The Camerawork on 'Monkey Man' Goes Apeshit

Directed by Dev Patel

Starring Dev Patel, Sharlto Copley, Pitobash, Vipin Sharma, Sikandar Kher, Adithi Kalkunte, Sobhita Dhulipala, Ashwini Kalsekar, Makarand Deshpande

Photo courtesy of Universal Studios

BY Rachel HoPublished Apr 4, 2024


Production of Monkey Man was set to begin in India just before the pandemic turned the world topsy-turvy, forcing Dev Patel to relocate his directorial debut to Indonesia with a restricted supporting cast. Add in getting dropped by original studio (before Jordan Peele's endorsement and move to Universal) and the associated financial challenges, the film had a lot working against it. Unfortunately for Patel, those struggles serve as an explanation for the general messiness of the film, rather than obstacles it overcame.

Monkey Man follows an anonymous man only known as Kid (Patel) who makes a living fighting in an underground club wearing a gorilla mask. Effectively acting as the fight club's whipping boy, Kid takes losses and punches every night for a paltry share of the earnings while harbouring a deep-seeded need for revenge against the elite class.

Kid's motivations unravel throughout the film with flashbacks to his childhood in good times and bad, in addition to brief touches upon Western indulgences and misguided religious idolatry.

Patel, one of only a handful of prominent South Asian actors in the West, also takes the opportunity to weave Monkey Man's story with Hindu folklore and Indian culture, in particular incorporating the hijra and their standing in Indian society, as well as the story of Hanuman. These inclusions give Monkey Man a welcome extra dimension beyond the typical shoot-'em-up action vehicle.

In addition to directing and acting in Monkey Man, Patel developed the story and co-wrote the screenplay. While at times it feels like there's too many plates spinning at once, it's rarely the fault of the story or script, and more of an editing issue. Patel balances the ideas well enough, but the film lacks a strong through-line to really tie the whole thing together into a strong, coherent story.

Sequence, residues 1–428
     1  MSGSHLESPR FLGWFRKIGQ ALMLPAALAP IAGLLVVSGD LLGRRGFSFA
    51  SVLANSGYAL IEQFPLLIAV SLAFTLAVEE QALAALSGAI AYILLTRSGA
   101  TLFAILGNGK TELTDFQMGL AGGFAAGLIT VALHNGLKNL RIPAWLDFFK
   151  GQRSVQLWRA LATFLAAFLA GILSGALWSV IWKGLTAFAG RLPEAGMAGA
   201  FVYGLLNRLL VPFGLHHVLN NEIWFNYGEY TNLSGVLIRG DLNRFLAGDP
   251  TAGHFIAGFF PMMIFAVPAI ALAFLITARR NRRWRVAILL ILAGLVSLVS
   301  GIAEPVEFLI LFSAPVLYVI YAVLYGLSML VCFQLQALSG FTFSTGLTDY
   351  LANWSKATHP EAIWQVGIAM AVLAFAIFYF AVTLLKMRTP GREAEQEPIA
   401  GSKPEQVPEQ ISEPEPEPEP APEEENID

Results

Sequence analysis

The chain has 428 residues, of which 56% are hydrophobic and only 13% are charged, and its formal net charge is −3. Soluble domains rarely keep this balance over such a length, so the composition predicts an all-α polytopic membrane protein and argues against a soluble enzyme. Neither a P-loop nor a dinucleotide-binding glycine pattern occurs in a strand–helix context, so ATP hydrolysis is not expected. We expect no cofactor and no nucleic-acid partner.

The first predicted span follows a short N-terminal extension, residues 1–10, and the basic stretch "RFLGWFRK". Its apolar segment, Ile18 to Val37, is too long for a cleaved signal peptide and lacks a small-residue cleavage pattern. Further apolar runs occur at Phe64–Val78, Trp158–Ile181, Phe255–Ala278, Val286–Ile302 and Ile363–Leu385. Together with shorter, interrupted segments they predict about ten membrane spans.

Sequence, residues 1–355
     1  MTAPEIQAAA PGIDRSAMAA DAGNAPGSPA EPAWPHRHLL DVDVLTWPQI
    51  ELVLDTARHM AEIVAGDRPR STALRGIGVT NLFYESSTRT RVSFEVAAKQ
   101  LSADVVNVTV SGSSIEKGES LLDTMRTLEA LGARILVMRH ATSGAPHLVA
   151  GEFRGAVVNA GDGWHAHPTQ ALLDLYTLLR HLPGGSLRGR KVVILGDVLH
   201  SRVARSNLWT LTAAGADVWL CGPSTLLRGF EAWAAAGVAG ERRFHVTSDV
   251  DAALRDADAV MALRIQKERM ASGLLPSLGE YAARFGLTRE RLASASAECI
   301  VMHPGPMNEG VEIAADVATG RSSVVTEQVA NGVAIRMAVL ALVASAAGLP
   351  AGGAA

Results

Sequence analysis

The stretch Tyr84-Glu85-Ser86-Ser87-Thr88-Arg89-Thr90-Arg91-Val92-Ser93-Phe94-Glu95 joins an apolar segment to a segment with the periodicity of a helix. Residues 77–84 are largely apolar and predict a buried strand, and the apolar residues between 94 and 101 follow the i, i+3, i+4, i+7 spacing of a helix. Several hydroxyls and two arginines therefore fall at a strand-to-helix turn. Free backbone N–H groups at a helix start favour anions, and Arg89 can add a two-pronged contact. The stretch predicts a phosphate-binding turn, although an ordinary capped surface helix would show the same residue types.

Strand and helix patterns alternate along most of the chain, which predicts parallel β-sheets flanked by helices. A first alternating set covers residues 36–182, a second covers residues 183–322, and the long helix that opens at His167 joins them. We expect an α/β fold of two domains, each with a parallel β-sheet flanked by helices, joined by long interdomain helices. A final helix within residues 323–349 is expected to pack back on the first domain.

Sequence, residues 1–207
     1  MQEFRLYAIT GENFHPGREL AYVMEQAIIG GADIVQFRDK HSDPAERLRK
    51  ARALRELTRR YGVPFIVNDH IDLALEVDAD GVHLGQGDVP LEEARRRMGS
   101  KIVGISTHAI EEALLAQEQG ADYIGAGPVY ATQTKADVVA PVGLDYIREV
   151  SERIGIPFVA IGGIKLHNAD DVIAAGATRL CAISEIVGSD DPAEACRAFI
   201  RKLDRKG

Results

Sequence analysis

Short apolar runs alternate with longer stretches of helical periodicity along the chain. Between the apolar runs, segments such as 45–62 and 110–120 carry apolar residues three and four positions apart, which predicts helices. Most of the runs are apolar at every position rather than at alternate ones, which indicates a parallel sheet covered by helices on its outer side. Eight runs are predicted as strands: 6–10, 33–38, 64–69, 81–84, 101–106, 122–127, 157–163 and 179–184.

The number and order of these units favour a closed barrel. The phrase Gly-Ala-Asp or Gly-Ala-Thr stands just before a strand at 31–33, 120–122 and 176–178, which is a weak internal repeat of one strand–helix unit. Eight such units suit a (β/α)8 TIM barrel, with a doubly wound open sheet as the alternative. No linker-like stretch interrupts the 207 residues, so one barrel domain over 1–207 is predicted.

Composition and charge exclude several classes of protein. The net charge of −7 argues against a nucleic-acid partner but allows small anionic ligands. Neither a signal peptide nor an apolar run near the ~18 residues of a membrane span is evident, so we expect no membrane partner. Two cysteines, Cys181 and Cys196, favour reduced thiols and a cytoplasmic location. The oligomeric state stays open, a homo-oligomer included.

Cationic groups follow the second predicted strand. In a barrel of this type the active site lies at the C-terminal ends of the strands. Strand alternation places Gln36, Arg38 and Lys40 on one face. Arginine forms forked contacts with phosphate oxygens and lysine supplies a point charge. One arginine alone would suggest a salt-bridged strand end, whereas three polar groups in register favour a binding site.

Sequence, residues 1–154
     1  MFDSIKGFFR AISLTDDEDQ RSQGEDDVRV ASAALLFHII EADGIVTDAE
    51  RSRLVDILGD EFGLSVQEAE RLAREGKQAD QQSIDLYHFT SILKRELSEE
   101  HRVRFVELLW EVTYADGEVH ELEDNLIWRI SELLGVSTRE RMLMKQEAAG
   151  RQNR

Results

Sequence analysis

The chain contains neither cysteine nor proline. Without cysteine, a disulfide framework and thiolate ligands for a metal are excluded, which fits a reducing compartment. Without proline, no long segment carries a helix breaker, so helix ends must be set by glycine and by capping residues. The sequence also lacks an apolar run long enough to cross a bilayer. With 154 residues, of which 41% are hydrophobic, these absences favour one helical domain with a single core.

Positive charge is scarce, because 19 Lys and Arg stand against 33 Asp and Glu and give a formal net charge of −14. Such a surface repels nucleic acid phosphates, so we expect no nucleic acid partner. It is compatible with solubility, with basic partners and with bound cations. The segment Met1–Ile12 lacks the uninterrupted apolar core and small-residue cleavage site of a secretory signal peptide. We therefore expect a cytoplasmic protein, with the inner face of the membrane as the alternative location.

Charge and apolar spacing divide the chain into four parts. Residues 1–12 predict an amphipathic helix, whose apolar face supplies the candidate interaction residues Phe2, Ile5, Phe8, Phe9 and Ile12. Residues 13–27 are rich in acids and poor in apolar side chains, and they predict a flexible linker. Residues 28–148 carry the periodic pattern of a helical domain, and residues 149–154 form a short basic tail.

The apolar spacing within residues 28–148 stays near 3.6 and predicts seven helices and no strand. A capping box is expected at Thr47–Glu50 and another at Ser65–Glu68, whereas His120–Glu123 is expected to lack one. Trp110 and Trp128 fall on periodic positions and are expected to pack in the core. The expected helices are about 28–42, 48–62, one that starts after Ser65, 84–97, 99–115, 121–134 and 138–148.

Patel presents himself as a compelling leading man — something we've been aware of since 2008's Slumdog Millionaire and very recently highlighted in David Lowry's The Green Knight, but there's a missed opportunity with supporting characters Alphonso (Pitobash) and Sita (Sobhita Dhulipala). Dhulipala's performance as an escort at the elite club Kid brings his wrath down on feels particularly squandered with limited screentime. Sita's similar upbringing to Kid, yet differing sentiment on how to survive, is begging to be explored more, especially with Dhualipala's ability to deliver pain in such an elegant and subtle manner.

Much of Monkey Man's marketing hinted towards the idea of the film being an "Indian John Wick" — something it doubles down on with an actual mention of the franchise in the early stages of the movie. While I can see the resemblances, especially in the violence and suited-up aesthetic, Monkey Man is an entirely different beast, in good ways and bad. The movie finds its own identity, but the frenetic camerawork could have benefited from a John Wick-ian flavour that could have prevented the fight sequences from feeling like being thrown around in a blender.

For a debut director, Patel shows a lot of promise, notably in the face of the many unexpected challenges. I can see the potential Peele saw in this film and why he didn't want it to be eaten by Netflix's algorithm. It's a fun movie with an absorbing storyline that lends itself to a lot of interesting avenues. Monkey Man feels so close to being a really great and different action movie, but it just narrowly falls short.

(Universal Pictures)

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